01/02/2014 06:29 pm ET Updated Mar 04, 2014

First Nighter: The Gotham Chamber Opera's Top-Notch "La descente d'Orphée aux enfers"

Much of the intense charm of Marc-Antoine Charpentier's La descente d'Orphée aux enfers (Opheus's Descent into Hell)--receiving an intensely charming Gotham Chamber Opera production at St. Peter's Chapel in lower Manhattan for two more performances--derives from its origins. It was written for some of the singers and musicians with whom the 17th-century benefactress Marie de Lorraine, known as Mademoiselle de Guise, liked surrounding herself.

In other words, the two-act chamber piece was intended for a salon where artists who worked together in other capacities could appear. That goes a long way to explaining the appealing intimacy inherent in the two-act adaptation of the disturbing Greek myth about the bereaved lad (Daniel Curran here) who went into the fiery nether regions to bring back his deceased bride, Euridice (Jamilyn Manning-White). She, poor thing, died on their wedding day after stepping on a snake.

Leave it to conductor/artistic director Neal Goren to adhere to Charpentier's requiring 10 singers and eight musicians as the proper way to offer what is as soothing, while utterly involving, a Baroque score as anyone might wish. Under his baton, the two acts are entirely different in tone--act one is an idyll unfortunately overturned, act two switches to hellfire, but the sounds filling a space where the acoustics couldn't be better remain as smooth as cream poured over strawberries.

Directed by Andrew Eggert, the opera is a series of lovely images during the first half, and less so during the second when red flames are projected on the chapel's white walls. When Euridice has succumbed, Eggert has her carried out through the center aisle. When Orpheus has persuaded Pluton (Jeffrey Beruan) to allow his beloved to leave hell as long as he doesn't look at her until they've departed, Eggert has the pair climb a spiral staircase and proceed slowly across a walkway.

It's a suspenseful trip, because there's no doubt Orpheus will break his promise. That's how the story goes, folks. (Does anyone ever watch a treatment of the sad tale without hoping that just this once Orpheus won't turn around?) The question is: At what point will Orpheus give in? Eggert sees that it occurs at precisely the right stage and musical moment--and with precisely the right nuanced gestures.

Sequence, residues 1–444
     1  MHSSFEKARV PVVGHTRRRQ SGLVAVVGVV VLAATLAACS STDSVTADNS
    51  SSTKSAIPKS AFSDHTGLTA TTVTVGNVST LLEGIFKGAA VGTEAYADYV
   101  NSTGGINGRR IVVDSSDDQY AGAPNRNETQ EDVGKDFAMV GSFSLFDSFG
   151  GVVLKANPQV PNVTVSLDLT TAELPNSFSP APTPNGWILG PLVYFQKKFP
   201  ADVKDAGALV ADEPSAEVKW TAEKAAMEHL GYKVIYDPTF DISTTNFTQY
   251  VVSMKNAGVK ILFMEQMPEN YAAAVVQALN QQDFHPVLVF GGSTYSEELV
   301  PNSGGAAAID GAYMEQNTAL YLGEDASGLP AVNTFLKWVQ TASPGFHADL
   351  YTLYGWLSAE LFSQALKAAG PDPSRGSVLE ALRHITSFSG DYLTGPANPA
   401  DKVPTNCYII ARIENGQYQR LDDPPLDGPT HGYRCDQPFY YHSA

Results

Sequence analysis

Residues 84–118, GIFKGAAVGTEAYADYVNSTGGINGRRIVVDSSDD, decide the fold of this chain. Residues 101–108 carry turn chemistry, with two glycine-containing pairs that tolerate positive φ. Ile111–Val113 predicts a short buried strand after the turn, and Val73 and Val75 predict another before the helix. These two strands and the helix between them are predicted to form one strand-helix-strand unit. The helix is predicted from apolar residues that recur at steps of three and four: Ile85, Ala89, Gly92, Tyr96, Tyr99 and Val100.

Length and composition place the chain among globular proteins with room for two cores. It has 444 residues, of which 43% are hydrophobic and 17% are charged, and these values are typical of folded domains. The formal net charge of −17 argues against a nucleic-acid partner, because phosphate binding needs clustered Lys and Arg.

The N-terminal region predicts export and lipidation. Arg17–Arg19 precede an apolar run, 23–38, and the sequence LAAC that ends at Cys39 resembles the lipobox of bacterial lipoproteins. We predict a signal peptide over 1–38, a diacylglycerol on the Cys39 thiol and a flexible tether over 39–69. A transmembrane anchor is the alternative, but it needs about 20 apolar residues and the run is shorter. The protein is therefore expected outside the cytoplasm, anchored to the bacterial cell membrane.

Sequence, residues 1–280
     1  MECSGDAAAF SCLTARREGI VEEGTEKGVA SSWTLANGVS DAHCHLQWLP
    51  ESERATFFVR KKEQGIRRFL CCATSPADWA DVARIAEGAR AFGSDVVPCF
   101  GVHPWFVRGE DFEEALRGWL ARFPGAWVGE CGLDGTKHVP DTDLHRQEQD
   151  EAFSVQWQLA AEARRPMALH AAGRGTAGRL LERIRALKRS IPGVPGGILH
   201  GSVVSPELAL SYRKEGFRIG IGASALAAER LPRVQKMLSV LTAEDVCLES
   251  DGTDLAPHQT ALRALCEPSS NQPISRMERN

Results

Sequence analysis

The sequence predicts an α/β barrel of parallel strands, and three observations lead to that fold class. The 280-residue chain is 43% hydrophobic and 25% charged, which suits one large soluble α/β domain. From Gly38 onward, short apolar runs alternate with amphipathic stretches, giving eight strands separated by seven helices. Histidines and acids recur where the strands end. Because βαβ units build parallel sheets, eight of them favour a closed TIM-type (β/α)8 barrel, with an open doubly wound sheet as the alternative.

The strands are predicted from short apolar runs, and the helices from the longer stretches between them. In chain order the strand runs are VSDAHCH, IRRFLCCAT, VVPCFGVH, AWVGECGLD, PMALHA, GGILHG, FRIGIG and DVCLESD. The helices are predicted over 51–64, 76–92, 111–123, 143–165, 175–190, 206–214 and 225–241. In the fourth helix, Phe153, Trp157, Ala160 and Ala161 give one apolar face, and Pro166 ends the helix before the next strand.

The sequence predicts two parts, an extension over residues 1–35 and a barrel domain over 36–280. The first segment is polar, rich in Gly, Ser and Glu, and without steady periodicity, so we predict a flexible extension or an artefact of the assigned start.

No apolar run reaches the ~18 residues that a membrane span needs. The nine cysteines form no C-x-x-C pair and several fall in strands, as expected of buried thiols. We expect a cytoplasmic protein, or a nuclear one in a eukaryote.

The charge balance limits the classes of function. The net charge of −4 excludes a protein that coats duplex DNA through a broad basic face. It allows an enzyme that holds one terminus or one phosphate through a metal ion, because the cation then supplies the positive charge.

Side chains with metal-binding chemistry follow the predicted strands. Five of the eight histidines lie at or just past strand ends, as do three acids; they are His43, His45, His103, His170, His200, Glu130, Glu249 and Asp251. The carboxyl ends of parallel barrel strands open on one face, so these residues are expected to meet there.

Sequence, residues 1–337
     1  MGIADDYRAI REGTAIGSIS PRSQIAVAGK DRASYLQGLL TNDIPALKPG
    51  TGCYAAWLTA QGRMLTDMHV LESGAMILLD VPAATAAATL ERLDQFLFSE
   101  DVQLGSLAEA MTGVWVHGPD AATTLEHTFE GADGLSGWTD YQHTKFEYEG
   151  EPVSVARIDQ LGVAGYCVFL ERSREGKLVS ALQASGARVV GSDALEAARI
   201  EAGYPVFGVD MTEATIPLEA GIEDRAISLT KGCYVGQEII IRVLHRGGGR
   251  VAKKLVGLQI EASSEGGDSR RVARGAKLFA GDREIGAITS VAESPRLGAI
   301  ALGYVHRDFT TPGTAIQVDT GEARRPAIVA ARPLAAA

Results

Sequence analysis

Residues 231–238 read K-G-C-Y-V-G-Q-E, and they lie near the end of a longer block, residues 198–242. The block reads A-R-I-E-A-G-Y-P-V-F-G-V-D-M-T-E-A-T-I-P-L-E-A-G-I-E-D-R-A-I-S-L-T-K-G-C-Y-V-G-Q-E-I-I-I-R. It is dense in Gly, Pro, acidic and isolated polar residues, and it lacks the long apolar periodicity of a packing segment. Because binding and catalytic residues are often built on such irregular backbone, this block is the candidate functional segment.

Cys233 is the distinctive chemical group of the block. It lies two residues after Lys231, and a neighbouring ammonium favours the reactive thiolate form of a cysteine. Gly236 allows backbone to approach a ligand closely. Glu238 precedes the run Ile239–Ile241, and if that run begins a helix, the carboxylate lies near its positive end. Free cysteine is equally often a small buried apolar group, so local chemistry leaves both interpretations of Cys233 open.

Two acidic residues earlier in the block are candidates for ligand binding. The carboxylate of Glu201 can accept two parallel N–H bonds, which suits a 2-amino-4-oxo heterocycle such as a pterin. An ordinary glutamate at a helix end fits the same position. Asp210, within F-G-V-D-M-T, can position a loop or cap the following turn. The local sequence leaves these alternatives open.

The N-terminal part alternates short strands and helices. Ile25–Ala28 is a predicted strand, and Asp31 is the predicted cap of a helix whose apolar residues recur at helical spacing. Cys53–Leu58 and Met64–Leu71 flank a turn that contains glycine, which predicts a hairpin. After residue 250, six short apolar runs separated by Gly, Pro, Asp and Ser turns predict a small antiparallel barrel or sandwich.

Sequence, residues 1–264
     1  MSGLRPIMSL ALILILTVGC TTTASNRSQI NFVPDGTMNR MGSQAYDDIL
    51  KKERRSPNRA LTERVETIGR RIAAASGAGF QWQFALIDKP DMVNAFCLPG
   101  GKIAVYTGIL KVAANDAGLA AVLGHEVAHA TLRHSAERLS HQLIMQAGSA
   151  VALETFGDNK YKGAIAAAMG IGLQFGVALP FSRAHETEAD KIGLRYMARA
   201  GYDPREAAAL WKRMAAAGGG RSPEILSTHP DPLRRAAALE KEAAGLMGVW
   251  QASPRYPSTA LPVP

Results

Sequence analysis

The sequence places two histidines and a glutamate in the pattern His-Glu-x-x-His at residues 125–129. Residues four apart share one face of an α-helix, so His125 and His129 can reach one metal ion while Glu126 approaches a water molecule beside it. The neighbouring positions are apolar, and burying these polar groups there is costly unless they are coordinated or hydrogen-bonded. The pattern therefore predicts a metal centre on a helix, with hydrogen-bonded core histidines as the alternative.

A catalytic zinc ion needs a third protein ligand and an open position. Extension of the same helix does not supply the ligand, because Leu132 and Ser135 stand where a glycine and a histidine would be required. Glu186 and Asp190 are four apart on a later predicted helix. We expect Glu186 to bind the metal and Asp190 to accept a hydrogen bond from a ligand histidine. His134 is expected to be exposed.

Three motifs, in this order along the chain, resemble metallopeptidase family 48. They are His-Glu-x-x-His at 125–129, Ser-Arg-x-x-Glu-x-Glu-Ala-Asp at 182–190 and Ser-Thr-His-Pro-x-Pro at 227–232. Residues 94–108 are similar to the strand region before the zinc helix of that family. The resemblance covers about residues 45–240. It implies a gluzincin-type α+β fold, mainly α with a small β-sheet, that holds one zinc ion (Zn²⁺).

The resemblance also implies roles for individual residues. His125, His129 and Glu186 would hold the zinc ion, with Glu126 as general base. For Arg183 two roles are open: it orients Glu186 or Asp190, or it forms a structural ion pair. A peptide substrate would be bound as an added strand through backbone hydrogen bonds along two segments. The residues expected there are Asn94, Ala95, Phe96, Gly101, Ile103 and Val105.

Incidentally, when spotting three grimy men (John Brancy, Gerard Michael D'Emilio, Cullen Gandy) enduring the tortures of the damned, Orpheus tells them they don't begin to know the depths of true suffering. The outburst is the sole instance of Charpentier's forgetting himself. Well, perhaps another is the consistently dulcet warbling that goes on in Hell, of all places.

The Descente cast members--which also include Yungee Rhie, Marguerite Krull, Mary Ferminear, and Melissa Attebury--sing impeccably when soloing. When singing together, the ensemble could pass for an angel chorus, particularly in this setting.

A rumor floating around among opera circles in these post-New York City Opera days is that the Metropolitan Opera's Peter Gelb and Goren have been talking. The rumor doesn't say if they're mooting a collaboration. If so, it may be that Goren could bring more to Gelb than Gelb could bring to Goren.

What Goren does extremely well are the kind of small-scale productions that could easily get lost at the Met, a house already too big for many of the operas displayed in it. Both impresarios know this. So perhaps they're cooking up something along other, more feasible lines. It might be nice if they are.